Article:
Passé composé: how does the agreement of the past participle work?

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The passé composé (present perfect) is a frequently used tense to refer to a finished action, event, etc. in the near past. In spoken French, it often replaces the passé simple (past historic). 

It is a compound verb form made up of a conjugated auxiliary (être or avoir) and the past participle of the verb.

Example: Hier, je suis allé à l'école. [first person singular of "être" + past participle of "aller"]. 

The rules of the past participle's agreement vary. The basic ones are as follows: 

With être, the past participle agrees with the subject of the verb.

Examples:

Elles sont parties à Paris. 

Pierre est tombé à vélo. 

With avoir, the past participle agrees with the direct object only if it comes before the verb.  

Examples:

Tu as vu la nouvelle moto de Romain? Il l'a achetée hier. ["la nouvelle moto de Romain" is the direct object; in the first sentence, it is after the verb, no agreement; in the second sentence, the personal pronoun " l' " is the direct object, replacing "la nouvelle moto de Romain"; the past participle "acheté" therefore agrees with it.]

However, the rules change when the verb is reflexive (always used with être).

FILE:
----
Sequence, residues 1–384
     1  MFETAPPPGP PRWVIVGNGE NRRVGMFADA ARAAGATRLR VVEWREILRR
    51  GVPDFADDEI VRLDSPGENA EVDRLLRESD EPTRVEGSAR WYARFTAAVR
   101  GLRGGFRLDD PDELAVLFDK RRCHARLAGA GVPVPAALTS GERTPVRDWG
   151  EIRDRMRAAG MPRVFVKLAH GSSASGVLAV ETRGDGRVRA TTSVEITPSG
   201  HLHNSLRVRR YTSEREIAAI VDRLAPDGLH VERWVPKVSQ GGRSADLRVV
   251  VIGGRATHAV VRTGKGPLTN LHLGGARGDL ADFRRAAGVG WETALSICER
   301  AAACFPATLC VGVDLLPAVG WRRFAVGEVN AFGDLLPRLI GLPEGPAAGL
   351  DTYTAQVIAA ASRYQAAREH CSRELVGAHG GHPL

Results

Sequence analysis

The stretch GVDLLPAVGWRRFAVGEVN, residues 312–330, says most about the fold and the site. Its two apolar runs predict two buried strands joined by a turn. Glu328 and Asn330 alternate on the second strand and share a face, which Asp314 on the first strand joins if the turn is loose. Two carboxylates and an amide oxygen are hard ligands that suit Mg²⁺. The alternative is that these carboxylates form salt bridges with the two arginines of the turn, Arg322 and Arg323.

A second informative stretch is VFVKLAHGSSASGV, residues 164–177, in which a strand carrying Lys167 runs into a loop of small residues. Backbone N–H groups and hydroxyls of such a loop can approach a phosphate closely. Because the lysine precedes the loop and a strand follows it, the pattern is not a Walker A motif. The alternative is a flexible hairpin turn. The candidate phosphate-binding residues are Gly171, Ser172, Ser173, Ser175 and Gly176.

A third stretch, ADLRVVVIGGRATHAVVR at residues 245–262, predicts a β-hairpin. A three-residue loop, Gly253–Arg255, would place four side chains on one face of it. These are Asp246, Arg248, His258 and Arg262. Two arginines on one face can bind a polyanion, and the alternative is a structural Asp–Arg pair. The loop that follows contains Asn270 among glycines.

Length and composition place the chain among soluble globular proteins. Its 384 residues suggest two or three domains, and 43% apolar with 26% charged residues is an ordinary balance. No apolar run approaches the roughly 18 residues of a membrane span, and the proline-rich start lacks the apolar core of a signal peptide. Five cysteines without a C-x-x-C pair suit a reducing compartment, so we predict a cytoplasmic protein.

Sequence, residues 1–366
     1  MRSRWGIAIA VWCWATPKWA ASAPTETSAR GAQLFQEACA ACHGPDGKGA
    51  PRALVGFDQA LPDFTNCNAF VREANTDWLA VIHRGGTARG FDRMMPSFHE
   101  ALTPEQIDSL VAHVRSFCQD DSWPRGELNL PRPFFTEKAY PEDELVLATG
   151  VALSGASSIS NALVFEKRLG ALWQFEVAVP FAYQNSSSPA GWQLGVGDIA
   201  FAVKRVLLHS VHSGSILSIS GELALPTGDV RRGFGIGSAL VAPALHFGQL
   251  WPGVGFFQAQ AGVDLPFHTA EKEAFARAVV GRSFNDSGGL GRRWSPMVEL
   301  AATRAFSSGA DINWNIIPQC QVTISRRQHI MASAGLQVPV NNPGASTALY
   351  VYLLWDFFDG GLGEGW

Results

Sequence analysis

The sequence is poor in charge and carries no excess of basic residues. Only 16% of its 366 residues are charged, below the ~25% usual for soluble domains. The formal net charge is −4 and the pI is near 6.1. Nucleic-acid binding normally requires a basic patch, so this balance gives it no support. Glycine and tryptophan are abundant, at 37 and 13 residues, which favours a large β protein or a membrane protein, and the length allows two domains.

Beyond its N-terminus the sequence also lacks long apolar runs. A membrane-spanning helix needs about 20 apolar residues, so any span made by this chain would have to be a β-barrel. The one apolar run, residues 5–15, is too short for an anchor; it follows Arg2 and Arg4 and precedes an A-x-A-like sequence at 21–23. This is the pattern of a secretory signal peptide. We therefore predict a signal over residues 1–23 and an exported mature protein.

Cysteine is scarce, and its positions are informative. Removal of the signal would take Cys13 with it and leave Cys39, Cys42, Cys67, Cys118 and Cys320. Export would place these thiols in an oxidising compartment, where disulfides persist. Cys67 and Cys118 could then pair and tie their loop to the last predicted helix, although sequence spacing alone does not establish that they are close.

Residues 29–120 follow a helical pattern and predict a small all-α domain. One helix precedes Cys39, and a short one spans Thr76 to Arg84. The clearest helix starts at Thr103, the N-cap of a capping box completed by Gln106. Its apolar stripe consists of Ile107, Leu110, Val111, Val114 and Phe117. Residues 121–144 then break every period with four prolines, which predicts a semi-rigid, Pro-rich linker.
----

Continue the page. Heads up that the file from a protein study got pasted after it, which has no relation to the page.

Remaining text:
When the subject of the verb is also the subject of the action, the past participle agrees with the subject.

Example:

Ils se sont lavés. = They washed themselves.

[Who/what is being washed? --> "Ils". The subject is therefore the recipient of the action, there is agreement.]

When there is a direct object that is the recipient of the action, then the agreement rules are the same as with avoir: the past participle agrees with the direct object if it is placed before the verb, and doesn't agree if it is placed after it.

Example:

Ils se sont lavé les mains. = They washed their hands.

[Who/what is being washed? --> "les mains". "Les mains" is the direct object and is placed after the verb, no agreement.]

Les mains qu'ils se sont lavées. = The hands that they washed.

[Who/what is being washed? --> "les mains". It is the direct object and is placed before the verb, so the past participle agrees with it.]

Constance M. A Level French tutor, GCSE French tutor, 13 plus  French...

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